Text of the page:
Housing Works employees gave themselves a late Christmas present last week. Employees at Housing Works, in a vote of 88% to 12%, agreed to join the Retail, Wholesale and Department Store Union (RWDSU) after two years of organizing efforts. The vote was conducted via mail-in ballots that were sent to the Labor Board on Dec. 14. The union will now represent all 605 Housing Works employees in the five boroughs and help negotiate a contract with Housing Works this year. Workers at the bargaining table will reportedly deal with all issues involving health care, retail, social work and legal. Workers hope that their affiliation with RWDSU will help them fix issues that have exacerbated during the COVID-19 pandemic. They’ve complained about long hours and low wages at the organizations’ thrift stores and bookshops around the city citing an average pay of $16 an hour during 16-hour days and six-day weeks. Read more at Amsterdam News Continue reading
Cannabis Legalization Provides Opportunity for Working People (NEW YORK, NY) – Today, Governor Andrew Cuomo reaffirmed his commitment to legalize adult-use cannabis in New York ahead of his State of the State address. The Retail, Wholesale and Department Store Union (RWDSU) represents workers in the medical cannabis industry across New York State. Stuart Appelbaum, President of the RWDSU and John Durso, President of Local 338 RWDSU issued the following joint statement: “Legalizing adult use-cannabis will create incredible opportunities for New York’s communities at every level of the industry, from ownership to management to the workforce. It’s been estimated that our State has the potential to see 30,000 new jobs just from this industry and as a result, we must ensure that these are quality, union careers and that neighborhoods that have long been struggling have access to these jobs. As a labor union, a key component of the work that we do in advocating for working men and women is related to fighting for economic and social justice. Legalizing cannabis is a natural bridge for this work, and we appreciate that it’s one of Governor Cuomo’s priorities this year. We’re looking forward to working with Governor Cuomo and the State Legislature to ensure that 2021 is the year New York legalizes adult-use cannabis,” said John R. Durso, President of Local 338 RWDSU/UFCW and Stuart Appelbaum, President of the Retail, Wholesale and Department Store Union (RWDSU).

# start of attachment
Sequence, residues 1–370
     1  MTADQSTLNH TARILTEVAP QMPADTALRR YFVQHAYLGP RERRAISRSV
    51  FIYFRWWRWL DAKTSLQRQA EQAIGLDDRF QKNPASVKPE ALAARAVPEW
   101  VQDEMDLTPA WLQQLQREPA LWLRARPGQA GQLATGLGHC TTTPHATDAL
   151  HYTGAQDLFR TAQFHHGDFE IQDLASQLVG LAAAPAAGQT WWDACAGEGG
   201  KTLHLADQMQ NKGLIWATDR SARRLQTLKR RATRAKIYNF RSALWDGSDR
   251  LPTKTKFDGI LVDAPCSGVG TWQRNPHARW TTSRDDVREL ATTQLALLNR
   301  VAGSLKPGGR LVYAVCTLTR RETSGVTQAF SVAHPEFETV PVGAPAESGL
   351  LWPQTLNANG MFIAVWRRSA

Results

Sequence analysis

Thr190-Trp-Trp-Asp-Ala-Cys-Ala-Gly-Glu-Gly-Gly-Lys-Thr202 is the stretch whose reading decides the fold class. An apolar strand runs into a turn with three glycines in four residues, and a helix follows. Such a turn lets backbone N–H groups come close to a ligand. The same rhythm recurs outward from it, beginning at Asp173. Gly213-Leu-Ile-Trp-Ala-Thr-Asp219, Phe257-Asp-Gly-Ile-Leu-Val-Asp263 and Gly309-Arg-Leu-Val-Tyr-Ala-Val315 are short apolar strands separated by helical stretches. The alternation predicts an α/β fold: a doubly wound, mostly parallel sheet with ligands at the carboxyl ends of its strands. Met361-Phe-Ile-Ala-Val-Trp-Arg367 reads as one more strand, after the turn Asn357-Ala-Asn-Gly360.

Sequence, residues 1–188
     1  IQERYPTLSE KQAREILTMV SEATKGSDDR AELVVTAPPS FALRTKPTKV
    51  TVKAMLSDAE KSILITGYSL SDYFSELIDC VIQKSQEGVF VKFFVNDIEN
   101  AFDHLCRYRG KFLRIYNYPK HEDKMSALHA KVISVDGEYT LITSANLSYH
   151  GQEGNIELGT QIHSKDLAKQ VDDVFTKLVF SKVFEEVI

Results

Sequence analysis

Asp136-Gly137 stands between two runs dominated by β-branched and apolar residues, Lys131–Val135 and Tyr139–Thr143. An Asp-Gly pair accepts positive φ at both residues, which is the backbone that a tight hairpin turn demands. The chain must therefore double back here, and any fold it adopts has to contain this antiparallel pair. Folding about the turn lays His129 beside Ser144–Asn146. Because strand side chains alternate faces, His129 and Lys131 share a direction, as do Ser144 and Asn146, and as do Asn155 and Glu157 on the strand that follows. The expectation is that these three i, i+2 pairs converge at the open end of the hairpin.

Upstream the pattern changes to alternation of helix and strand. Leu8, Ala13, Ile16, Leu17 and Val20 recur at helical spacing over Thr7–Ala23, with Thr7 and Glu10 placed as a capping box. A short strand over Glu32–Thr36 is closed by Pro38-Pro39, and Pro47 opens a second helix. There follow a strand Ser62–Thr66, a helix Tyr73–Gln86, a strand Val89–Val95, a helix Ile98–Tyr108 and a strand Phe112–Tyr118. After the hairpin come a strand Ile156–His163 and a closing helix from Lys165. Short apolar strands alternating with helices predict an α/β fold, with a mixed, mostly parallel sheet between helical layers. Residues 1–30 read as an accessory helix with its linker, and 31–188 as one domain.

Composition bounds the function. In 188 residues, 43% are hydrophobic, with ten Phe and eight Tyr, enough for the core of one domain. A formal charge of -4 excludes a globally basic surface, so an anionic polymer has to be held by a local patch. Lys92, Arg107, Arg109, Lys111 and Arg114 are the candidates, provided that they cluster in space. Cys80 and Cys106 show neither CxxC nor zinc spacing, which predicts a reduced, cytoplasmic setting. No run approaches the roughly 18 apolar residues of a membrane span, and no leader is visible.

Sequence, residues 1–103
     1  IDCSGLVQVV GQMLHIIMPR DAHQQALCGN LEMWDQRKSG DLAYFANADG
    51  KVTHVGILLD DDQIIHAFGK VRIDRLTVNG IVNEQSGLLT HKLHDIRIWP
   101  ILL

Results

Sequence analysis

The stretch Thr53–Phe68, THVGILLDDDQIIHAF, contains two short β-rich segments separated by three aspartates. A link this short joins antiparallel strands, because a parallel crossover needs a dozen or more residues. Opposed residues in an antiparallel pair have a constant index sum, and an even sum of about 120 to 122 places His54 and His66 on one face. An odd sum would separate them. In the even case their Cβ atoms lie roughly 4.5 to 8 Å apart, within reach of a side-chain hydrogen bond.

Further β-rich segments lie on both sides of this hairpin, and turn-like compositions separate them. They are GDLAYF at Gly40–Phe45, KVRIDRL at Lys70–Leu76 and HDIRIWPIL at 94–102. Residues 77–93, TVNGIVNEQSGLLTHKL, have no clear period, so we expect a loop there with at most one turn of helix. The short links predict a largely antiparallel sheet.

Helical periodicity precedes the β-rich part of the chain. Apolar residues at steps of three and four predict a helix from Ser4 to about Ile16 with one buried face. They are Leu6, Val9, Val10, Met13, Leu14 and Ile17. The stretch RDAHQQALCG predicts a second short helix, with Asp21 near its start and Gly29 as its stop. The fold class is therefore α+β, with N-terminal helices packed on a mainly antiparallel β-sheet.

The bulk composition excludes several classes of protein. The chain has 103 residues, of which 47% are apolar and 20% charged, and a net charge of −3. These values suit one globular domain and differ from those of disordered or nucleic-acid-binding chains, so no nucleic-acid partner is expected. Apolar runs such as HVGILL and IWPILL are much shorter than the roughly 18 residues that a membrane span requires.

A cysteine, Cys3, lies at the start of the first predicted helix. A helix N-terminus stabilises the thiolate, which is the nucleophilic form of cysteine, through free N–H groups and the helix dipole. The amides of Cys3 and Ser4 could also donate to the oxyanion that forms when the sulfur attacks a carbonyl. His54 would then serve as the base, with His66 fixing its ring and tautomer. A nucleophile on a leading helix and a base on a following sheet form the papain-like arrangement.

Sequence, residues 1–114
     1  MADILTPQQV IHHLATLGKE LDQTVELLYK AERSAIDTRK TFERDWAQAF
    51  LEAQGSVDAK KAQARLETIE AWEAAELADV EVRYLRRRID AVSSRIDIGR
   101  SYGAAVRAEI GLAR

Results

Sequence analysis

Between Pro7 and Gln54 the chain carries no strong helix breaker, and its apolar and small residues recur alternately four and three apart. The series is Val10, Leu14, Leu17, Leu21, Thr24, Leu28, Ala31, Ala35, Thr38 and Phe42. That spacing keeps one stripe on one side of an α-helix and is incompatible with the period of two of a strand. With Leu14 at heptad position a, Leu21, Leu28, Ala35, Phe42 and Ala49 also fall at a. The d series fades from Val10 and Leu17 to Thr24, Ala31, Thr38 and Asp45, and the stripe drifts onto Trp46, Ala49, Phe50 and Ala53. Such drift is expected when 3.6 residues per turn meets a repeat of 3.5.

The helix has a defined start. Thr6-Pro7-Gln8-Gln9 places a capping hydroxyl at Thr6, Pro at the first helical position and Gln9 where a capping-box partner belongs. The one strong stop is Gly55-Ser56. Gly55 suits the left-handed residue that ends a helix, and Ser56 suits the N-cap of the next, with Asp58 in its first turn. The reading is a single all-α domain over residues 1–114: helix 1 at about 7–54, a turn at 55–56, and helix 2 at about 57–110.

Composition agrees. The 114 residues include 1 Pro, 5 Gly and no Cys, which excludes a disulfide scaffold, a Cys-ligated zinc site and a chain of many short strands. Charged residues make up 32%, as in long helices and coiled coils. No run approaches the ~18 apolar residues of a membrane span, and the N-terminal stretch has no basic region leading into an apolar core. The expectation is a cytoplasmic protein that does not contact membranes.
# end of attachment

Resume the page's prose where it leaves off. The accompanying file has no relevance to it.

After two years in the trenches, and a tense confrontation last year with their employer, Housing Works staffers across New York City have voted to unionize. The Retail, Wholesale and Department Store Union announced on Dec. 23 that the nonprofit’s workers voted 88% to 12% to join the national union, which represents 100,000 workers across the country. The holiday vote was the largest union election in New York state this year, union officials said. “These workers experienced a needlessly long fight to unionize their workplace. Their tenacity, and fortitude never wavered in this unnecessarily long process, which was stalled by their employer at every turn,” said union president Stuart Appelbaum. Read more at NY Daily News
Housing Works employees voted by an overwhelming margin to join the Retail, Wholesale and Department Store Union (RWDSU) on Dec. 23, representing a major victory for workers at a non-profit organization that serves individuals living with HIV/AIDS and experiencing homelessness. Employees voted 88 percent to 12 percent to join RWDSU in a lopsided vote that sent a strong message to Housing Works CEO Charles King and his management team, which has mounted resistance to the organizing effort. According to RWDSU, contract negotiations will kick off next year. Workers covered under the bargaining unit include case workers, social workers, healthcare and retail employees, and maintenance and legal staffers. “We’re proud to finally and officially welcome the 605 workers employed by Housing Works into our union,” RWDSU’s president, Stuart Appelbaum, said in a written statement. “Workers experienced a needlessly long fight to unionize their workplace. Their tenacity and fortitude never wavered in this unnecessarily long process, which was stalled by their employer at every turn.” The vote came more than a year after workers stormed off the job last October and marched to Brooklyn Borough Hall, where employees — backed by RWDSU — aired out their concerns about low pay, poor healthcare coverage, high caseloads, and other issues at Housing Works, which also operates thrift shops in multiple locations around the city. More here at Brooklyn Paper